It is not exactly breaking news that prices go up with an apartment’s floor number. But just how much they go up may surprise you.
At The Real Deal‘s request, Jonathan Miller, president and CEO of the appraisal firm Miller Samuel, analyzed closed 2009 co-op and condo sales in Manhattan. The results show that not all floors are created equal when it comes to price jumps.
The first floor was the odd man out, and the only one where per-square-foot prices were below $800. The second floor logged the first major “price break” — a 19 percent jump.
But prices remained relatively steady until the sixth and seventh floors. On the sixth, prices actually dipped below $900, but then they jumped above $1,000 on the seventh. They remained high on the eighth floor, until dropping under $1,000 on the ninth floor again.
Why the zigzag? Miller, along with brokers and developers, attributed the price fluctuations from the sixth to the ninth floors to several key factors at the core of city life.
Those are the floors where, in the right apartment, an owner can clear New York’s ubiquitous six-story buildings, gaze over the trees in Central Park, or see far enough to admire the Hudson or East rivers. And people will pay for that “break,” skewing the price up for those few floors. Without those “breaks,” it’s just another (albeit higher) floor.
“That is the floor that, typically, when you sit down on a couch in your living room, you can see the park or the river,” said Deanna Kory, a broker and senior vice president with the Corcoran Group who, along with her team, has done more than $1 billion in sales.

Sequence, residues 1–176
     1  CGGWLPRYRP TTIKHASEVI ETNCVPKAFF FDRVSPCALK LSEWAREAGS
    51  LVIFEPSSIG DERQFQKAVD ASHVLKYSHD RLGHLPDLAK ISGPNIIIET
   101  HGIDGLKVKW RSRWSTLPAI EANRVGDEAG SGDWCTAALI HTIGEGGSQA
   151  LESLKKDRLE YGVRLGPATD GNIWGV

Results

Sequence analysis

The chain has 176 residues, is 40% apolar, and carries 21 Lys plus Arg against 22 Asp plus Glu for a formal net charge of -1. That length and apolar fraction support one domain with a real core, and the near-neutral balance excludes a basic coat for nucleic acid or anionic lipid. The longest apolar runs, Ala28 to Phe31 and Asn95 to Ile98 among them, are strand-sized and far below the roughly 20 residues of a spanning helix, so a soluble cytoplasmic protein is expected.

Contextual zoning rules have also spawned a generation of “base and tower” buildings, which set back as they rise. That can leave developers stuck with dark lower-floor apartments, said Jon McMillan, director of planning for developer TF Cornerstone. He noted that these “bases” are often between six and 10 floors, adding another factor to the “price break.”
All this can be difficult for sellers who don’t realize a “view break” changes a selling price. “You can’t understand when you are on Central Park West and someone two floors above is getting $2 million more,” said Donna Olshan, president of the Midtown-based Olshan Realty.
But the permutations of price and elevation don’t stop on the ninth floor.
Miller’s data indicates that, after a certain point, differences between floors recede. So the price per square foot on the 20th floor, at $1,418, wasn’t much different than the price on the 22nd floor, $1,347.
It is also not axiomatic that upper-floor apartments offer striking views. “You could go higher and face right into a water tower,” said Suzanne Sealy, a senior vice president and broker with Prudential Douglas Elliman who has sold units in more than 30 Park Avenue buildings.
Miller’s analysis also found quantitative evidence that, yes, apartments on the 13th floor are statistically unusual (note that floor’s small market share for 2009 sales). That superstition, it seems, dies hard.
But while higher-floor apartments often come with steeper price tags, don’t overlook the hidden charms of lower-floor apartments, brokers and developers say. There are third-floor units that look into a garden courtyard, or maisonettes that, as Sealy said, feel like “private homes with a doorman.”
But generally: “The farther you get away from the street, the more valuable the property gets,” Miller said.